The Forestry Commission is planning aerial spraying of an area of woodland near Pangbourne in West Berkshire.

A helicopter will spray the woodland twice over a seven to 14-day period. This is the time when caterpillars of the oak processionary moth (OPM), which is a risk to tree, animal and human health, are emerging from eggs in oak trees.

The product sprayed will be Bacillus thuringiensis (Bt), a bacterial agent which occurs naturally and widely in soil. Bt is very safe when used by fully qualified operators in compliance with the strict health, safety and environmental protection regulations governing its use. Natural England, the government’s advisor on the natural environment, has given authorisation for the operation.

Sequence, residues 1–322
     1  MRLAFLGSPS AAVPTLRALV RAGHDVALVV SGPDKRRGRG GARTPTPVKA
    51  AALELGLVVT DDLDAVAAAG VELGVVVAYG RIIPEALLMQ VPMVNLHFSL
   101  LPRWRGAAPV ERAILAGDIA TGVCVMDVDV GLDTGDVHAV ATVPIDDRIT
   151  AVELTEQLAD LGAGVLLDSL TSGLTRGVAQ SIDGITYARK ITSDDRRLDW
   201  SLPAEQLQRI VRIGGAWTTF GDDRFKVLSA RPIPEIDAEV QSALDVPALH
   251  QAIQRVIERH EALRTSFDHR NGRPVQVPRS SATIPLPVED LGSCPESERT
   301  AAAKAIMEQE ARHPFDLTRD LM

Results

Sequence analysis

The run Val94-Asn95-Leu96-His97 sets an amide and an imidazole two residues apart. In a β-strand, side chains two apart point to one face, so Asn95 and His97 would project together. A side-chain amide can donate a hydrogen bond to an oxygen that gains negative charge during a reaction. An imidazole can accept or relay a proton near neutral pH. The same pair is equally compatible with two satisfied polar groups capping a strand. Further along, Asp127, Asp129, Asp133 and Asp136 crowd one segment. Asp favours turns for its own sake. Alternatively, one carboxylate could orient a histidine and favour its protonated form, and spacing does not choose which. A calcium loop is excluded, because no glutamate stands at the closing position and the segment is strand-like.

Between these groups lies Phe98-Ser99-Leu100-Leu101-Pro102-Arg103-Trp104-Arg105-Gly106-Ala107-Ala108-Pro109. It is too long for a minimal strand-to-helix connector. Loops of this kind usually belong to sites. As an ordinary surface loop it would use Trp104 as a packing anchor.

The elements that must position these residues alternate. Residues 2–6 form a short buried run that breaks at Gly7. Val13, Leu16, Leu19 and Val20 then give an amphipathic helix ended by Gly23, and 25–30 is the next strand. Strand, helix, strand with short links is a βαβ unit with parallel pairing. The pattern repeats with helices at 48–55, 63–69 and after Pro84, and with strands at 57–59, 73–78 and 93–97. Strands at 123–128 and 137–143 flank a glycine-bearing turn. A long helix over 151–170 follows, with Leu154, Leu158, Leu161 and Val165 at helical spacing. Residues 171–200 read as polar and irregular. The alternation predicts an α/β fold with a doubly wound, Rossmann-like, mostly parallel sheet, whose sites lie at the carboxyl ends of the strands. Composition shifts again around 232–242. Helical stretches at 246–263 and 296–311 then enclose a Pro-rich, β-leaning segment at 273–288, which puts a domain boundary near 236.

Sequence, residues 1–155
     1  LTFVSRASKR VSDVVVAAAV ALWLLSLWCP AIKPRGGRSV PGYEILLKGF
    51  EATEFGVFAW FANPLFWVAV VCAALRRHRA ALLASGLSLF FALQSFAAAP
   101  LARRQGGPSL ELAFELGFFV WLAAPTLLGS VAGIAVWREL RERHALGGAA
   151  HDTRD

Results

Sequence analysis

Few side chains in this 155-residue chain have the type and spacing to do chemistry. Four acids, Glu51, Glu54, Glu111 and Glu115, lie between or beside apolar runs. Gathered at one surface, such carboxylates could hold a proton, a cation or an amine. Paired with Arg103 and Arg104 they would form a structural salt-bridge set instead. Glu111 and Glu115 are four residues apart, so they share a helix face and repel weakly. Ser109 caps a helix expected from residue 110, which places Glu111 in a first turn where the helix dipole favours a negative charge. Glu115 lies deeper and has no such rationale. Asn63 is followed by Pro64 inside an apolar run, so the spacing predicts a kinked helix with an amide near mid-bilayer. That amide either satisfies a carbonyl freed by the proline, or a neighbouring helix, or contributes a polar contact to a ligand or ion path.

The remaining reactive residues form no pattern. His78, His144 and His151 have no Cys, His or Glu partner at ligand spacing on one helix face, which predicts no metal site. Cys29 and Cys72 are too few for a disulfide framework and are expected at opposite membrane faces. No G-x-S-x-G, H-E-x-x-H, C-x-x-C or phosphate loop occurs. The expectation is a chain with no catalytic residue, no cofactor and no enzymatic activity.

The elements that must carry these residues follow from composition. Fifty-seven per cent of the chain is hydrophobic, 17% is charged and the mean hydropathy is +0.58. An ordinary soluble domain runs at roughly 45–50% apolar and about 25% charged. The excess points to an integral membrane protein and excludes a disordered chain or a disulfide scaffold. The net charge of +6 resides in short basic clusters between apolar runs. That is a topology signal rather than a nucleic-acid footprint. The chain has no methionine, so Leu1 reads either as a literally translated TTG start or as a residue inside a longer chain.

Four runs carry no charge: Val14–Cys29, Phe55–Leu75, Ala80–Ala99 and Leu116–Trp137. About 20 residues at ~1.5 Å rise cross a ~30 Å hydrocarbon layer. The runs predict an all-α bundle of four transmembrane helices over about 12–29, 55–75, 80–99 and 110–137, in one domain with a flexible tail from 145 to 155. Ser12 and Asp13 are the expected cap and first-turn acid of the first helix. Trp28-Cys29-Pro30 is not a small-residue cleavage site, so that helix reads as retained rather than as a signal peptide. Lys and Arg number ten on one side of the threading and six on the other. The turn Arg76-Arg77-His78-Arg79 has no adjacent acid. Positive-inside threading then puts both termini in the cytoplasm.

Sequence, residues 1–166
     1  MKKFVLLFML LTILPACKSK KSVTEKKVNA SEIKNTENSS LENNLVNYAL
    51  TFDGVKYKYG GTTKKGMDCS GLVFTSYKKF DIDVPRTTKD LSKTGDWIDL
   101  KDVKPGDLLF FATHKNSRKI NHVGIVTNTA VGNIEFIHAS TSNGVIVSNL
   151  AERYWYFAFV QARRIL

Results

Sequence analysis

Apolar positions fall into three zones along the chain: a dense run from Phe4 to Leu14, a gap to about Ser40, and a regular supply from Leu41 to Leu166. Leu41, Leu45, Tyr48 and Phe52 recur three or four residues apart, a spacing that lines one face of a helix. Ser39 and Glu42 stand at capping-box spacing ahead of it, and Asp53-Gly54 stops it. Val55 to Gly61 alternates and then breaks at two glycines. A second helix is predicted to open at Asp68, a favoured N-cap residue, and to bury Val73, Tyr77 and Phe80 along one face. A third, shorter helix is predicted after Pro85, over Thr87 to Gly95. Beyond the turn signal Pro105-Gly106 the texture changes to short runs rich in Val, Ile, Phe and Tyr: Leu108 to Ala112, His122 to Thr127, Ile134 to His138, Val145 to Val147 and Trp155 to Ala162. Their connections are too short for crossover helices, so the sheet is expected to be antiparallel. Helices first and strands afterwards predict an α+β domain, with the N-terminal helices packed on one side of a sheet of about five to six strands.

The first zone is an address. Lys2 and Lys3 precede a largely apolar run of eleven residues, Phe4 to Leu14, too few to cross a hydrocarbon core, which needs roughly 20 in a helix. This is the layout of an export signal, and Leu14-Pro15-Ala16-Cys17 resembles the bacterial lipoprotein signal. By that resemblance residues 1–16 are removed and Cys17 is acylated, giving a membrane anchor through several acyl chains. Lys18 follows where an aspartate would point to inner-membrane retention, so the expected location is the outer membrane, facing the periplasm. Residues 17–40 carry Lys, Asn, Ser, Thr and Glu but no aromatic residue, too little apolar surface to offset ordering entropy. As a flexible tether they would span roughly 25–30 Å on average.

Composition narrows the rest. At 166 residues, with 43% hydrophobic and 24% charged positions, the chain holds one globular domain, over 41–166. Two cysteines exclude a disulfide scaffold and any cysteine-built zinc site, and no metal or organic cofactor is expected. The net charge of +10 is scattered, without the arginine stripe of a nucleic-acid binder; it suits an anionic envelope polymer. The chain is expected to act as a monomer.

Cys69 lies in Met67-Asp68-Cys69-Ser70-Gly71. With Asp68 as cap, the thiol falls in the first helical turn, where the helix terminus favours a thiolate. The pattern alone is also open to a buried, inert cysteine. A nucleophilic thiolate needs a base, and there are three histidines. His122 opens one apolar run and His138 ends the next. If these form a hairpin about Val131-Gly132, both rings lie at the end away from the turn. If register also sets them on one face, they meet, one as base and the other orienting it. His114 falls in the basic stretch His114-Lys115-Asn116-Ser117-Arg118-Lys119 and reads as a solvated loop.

The main, 10-hectare (25-acre) area to be treated comprises Herridge’s and Broom Copses, part of which is privately owned and part of which is public woodland managed by the Forestry Commission. Another privately owned 1ha (2.5-acre) block of trees nearby will also be treated.

If successful the operation would mark a big step forward in efforts by the Commission and West Berkshire Council to eradicate the pest from the Pangbourne area, where only three nests were found in 2012, down from several dozen the previous year.